Kurt Andersen, owner of Molly Hatchets Urban Axe Throwing in Ronkonkama, speaks to Newsday about his venue, where players throw axes at wood targets, hoping to hit a bull’s-eye by sinking the blade into the wood.  Credit: Morgan Campbell

Ask players at Molly Hatchets Urban Axe Throwing to compare ax throwing to other sports, and they'll add the same disclaimer after their answer.

“It’s kind of like darts,” says Bert Casiano, 37, of Mastic Beach, who works in sales. Then he adds, “More dangerous darts.”

“Bowling. It has that same feeling of hitting the target, having the right velocity and strength,” says Laura San Nicolas, 45, of Miller Place, who owns an insurance agency. Then she adds that disclaimer: “More dangerous bowling. It’s very much a real ax.”

Ax throwing is a cutting-edge sport that has come to Long Island, pun intended. Molly Hatchets brings the activity to Ronkonkoma, and a second venue dedicated to the sport, Axe Island, is slated to open in Bohemia this winter. It’s just what it sounds like: Players throw axes at wooden targets, hoping to hit a bull’s-eye by sinking the blade into the wood. More points are earned for each ring closer to the bull’s-eye that the hatchet hits.


“This lets you live out a manly fantasy, your lumberjack dream for sure. Here you can do it in a safe environment,” says Adam Schuster, 27, an insurance salesman from Miller Place.

Upon arriving at the venue in an industrial area in Ronkonkoma, players sign a waiver before they can enter the throwing arena. That area is like an enormous garage, with seven chain-link fence cages, similar to batting cages. Each cage has two lanes, each lane with a wooden target at the end.

Effie Cassar and Brittany Larkin retrieve their axes at Molly...

Effie Cassar and Brittany Larkin retrieve their axes at Molly Hatchets Urban Axe Throwing in Ronkonkama. Credit: Morgan Campbell/Morgan Campbell

Owner Kurt Andersen, 56, of Sound Beach, built the rustic targets with red bull's-eyes by himself. A tree stump at the front of each cage holds two axes, each weighing about one-and-a-quarter pounds. Axes are not to leave the caged areas.

In the area, the banging of axes meeting wood — sometimes slicing into it, sometimes knocking against the target and falling to the ground — reverberates throughout, as do grunts from some players as they throw. 

Andersen requires throwers take a brief safety session prior to participating. Regulations include, for instance, waiting for the person on your paired lane to throw his or her ax before walking down the alley to retrieve yours. “It’s a natural reaction to get your ax right away because you just missed. Don’t do that,” Andersen tells a group on a recent Friday night. He also instructs them to place axes back in the wood stump instead of handing them to other players to ensure no one gets inadvertently injured. Andersen coaches players on how to hold the instrument. “You’re too far choked up on that ax,” he says to one woman whose red fingernails are wrapped around the wooden handle.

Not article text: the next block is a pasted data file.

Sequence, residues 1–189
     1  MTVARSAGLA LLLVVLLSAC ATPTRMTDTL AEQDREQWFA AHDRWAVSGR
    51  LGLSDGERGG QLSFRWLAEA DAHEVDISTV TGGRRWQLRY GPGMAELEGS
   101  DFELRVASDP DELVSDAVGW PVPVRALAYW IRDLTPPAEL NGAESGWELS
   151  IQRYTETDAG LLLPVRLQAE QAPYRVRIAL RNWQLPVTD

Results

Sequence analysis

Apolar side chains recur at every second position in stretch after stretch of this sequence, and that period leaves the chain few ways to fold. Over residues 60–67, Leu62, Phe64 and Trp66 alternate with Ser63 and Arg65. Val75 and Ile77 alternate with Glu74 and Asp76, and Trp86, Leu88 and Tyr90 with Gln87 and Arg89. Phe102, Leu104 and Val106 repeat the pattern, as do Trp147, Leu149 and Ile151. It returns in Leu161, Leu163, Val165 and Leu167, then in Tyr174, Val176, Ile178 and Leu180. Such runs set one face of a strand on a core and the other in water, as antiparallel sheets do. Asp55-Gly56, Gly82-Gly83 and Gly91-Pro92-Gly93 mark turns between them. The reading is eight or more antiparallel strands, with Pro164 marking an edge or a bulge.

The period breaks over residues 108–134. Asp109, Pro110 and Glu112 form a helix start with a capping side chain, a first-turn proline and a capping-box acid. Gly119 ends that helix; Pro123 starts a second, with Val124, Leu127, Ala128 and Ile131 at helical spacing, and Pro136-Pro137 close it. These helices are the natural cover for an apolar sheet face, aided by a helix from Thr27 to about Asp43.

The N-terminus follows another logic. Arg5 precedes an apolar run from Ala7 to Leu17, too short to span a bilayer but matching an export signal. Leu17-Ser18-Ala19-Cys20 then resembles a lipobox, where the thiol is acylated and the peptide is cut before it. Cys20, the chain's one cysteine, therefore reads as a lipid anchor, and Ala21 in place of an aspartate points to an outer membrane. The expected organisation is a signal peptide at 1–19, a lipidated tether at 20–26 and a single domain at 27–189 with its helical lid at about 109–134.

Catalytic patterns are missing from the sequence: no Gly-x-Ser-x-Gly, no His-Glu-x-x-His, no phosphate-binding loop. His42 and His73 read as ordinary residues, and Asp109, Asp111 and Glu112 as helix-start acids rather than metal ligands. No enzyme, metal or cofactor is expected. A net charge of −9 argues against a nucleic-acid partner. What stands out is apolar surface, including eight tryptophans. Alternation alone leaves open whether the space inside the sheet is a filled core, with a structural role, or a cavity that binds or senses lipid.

As players compete, Andersen periodically walks around like an exterminator, spraying water on the targets to make the boards more porous so axes can enter more easily.

Kurt Andersen, owner of Molly Hatchets Urban Axe Throwing, gives...

Kurt Andersen, owner of Molly Hatchets Urban Axe Throwing, gives a safety lesson. Credit: Morgan Campbell/Morgan Campbell

Andersen was introduced to ax throwing about seven years ago on a trip to Niagara Falls. At that time, he was working full time; now that he’s retired he says he was able to launch the business.


Those looking to spice up their parties can consider using Molly Hatchets as the backdrop. The venue offers birthday parties for adults and children. Kids play using smaller tomahawks that weigh about half a pound and have longer handles and smaller blades. Closed shoes are required for everyone.

Participants can bring in food; there are picnic tables inside the throwing area. Alcohol, however, is not permitted unless the entire venue is rented out for a private event.

Brittany Larkin, 28, of Bay Shore, came one recent evening with several of her cousins “just to try something different.” She called the evening “a nice bonding activity.”

Casiano, one of Larkin’s cousins, says ax throwing is harder than it looks. “I saw everyone doing it on social media,” he says. “It’s something to do that’s active, that’s fun.”

Molly Hatchets Urban Axe Throwing

WHEN | WHERE Mondays through Thursdays from 5 to 10 p.m., Fridays 5 to 11 p.m., Saturdays 11:30 a.m. to 12:30 a.m. and Sundays 3 to 8 p.m.; 860 S. 2nd St., Ronkonkoma

INFO Best to call for reservations; $29.99 per person for 90 minutes; $10 for non-throwers; 631-648-9622, axethrowinglongislandny.com

A second ax

Axe Island, a second ax throwing venue, is coming to 1626 Locust Ave., in Bohemia. “We are waiting for our final building permit to come through from the town,” says co-owner Kathleen Connolly, 42, of Rocky Point. She says she expects to open in late February or March, with four cages made from wood. Each cage will have two targets and be assigned a personal coach. “What sets us apart is we’re putting in a beer, wine and cider bar,” Connolly says. After two drinks, participants will no longer be permitted to hold an ax, she says. Cost will be $40 for 90 minutes. “It’s coming along very nicely. We’re really excited,” Connolly says. For more information, call 631-750-1621 or visit axeisland.com.

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